27 MY BLOODY VALENTINE
Isn’t Anything (1988)
Redrawing the noise-rock map to embrace the molten fury of hip hop and the lysergic euphoria of acid house, this goes off like fireworks inside your brain. Kevin Shields’ guitars bend the fabric of space-time, blending soft and hard textures, speed with torpor, and dissonance with dreamlike beauty.
Best track: “No More Sorry”
26 BUFFALO SPRINGFIELD
Buffalo Springfield (1967)
They were doomed to be shortlived. With Stephen Stills and Neil Young jostling for position with Richie Furay, their West Coast collision of folk-rock and country-soul made for a thrillingly diverse experience, leant added intensity by Stills’ and Young’s guitar freakouts. “For What It’s Worth” became Sunset Strip’s protest anthem.
Best track: “For What It’s Worth”
25 THE MOTHERS OF INVENTION
Freak Out! (1966)
Frank Zappa’s Mothers looked like hippie delinquents, but they were fearsomely tight musicians, led by a man whose facetious iconoclasm belied a disciplinarian streak and serious satirical intent. Musical references went all the way from doo-wop to modern classical. A touchstone for the entire rock avant-garde.
Best track: “Trouble Every Day”
24 BIG STAR
#1 Record (1972)
Led by a post-Box Tops Alex Chilton and Chris Bell, the Memphis quartet’s brash, Anglophile pop harked back to the innocence of the British Invasion while gorging on gritty white soul. Streaked with melancholy, “The Ballad Of El Goodo” typified their beauty-into-sadness classicism. Label Ardent had no idea how to market them, resulting in poor sales and inter-band friction.
Best track: “The Ballad Of El Goodo”
23 THE FLYING BURRITO BROTHERS
The Gilded Palace Of Sin (1969)
Too wild for country boys and too hillbilly for rock snobs, ex-Byrds Gram Parsons and Chris Hillman barely registered on the charts with the Burritos. Nowadays, its marriage of redneck C&W, soulful white R’n’B and Nudie-suited psychedelia is regarded as important in its field as The Velvet Underground & Nico.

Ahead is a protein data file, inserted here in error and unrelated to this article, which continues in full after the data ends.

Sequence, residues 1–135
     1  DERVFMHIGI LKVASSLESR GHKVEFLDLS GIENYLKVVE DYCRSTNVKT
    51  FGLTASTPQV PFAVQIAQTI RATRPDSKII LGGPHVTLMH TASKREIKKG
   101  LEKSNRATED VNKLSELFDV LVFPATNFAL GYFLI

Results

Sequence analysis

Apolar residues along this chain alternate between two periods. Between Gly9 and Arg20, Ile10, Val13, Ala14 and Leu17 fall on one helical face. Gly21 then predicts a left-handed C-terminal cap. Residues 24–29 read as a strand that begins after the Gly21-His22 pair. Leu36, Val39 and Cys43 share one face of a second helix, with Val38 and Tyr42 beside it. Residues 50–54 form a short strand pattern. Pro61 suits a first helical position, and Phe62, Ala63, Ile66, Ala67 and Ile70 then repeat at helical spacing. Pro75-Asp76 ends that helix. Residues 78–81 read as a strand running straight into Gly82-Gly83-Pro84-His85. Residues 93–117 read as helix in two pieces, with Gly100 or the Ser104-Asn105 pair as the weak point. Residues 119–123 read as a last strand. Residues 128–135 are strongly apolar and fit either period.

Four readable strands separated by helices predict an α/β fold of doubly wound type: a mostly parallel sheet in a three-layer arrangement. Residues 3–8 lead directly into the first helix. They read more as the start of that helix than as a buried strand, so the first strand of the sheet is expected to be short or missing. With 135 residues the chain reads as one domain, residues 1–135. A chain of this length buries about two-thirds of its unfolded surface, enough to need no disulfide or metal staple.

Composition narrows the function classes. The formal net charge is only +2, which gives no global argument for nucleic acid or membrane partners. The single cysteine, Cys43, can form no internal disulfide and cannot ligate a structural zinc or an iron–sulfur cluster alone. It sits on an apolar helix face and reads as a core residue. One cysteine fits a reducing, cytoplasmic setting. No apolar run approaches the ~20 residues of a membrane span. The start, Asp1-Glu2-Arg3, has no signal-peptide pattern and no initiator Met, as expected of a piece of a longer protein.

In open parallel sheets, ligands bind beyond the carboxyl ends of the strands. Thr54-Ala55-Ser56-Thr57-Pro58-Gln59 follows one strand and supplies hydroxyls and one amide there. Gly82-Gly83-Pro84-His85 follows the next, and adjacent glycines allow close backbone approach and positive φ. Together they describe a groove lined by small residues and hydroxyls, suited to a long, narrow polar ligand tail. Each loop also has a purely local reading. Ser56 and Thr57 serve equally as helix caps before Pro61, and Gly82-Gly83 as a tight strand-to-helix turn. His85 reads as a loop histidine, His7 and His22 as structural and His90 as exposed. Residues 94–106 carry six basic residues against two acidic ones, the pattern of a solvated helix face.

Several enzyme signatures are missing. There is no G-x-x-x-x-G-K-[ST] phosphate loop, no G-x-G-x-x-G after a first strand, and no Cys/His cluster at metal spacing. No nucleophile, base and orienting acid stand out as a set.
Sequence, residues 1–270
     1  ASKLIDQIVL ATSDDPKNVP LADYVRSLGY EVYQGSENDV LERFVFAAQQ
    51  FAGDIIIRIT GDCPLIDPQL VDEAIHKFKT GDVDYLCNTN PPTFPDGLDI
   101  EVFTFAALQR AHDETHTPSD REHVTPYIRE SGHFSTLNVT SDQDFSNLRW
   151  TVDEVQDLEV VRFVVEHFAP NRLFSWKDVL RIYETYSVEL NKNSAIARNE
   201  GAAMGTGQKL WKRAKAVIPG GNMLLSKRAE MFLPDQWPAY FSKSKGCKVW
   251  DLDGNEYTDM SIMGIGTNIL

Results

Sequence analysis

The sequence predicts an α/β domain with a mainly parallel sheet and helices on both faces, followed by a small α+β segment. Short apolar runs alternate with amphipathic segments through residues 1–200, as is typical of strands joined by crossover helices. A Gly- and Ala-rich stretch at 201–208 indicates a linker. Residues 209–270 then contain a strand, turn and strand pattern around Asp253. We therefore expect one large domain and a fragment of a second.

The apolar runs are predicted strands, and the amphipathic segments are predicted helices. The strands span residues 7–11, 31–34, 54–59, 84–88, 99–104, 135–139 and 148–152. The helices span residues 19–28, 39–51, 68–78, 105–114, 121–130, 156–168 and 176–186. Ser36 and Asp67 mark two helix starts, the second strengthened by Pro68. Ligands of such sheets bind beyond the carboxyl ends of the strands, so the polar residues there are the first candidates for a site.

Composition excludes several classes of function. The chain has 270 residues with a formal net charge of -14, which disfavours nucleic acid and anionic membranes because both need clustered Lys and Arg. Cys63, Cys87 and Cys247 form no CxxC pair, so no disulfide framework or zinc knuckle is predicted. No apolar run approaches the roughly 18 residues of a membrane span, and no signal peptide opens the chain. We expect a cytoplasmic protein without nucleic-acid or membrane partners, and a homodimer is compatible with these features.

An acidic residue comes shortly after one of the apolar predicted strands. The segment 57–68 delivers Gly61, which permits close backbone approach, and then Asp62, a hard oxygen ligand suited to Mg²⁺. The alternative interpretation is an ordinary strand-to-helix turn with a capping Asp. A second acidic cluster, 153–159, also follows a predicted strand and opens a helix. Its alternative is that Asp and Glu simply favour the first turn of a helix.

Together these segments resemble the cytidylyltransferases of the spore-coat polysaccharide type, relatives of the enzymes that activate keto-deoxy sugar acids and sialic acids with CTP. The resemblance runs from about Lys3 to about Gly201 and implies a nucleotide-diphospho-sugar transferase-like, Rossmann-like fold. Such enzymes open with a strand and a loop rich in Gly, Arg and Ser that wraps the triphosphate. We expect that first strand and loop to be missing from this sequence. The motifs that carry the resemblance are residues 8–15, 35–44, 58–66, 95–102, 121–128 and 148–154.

Best track: “Sin City”
Murmur was pivotal, announcing the arrival of a classic band and inspiring a deluge of alternative rock and Americana that transformed the music industry. R.E.M. sounded old as the hills yet sparklingly fresh, mixing folk and rock traditions and post-punk into a newly-minted language.
Best track: “Perfect Circle”
21 THE SMITHS
The Smiths (1984)
Morrissey’s assertion that The Smiths’ debut was “a complete signal post in the history of popular music” wasn’t too grand. Johnny Marr’s spangled guitar lines and Morrissey’s mordant wit introduced an oddly English kind of romantic fatalism: euphoric one moment, doomed the next.
Best track: “Still Ill”
20 THE SPECIALS
The Specials (1979)
No sooner had Maggie settled in No 10 than the Coventry septet issued this; a Costello-produced manifesto for a generation who’d oppose Thatcher while moonstomping to ’60s ska rhythms. Not just 2-Tone’s best debut, but its defining hour.
Best track: “Doesn’t Make It Alright”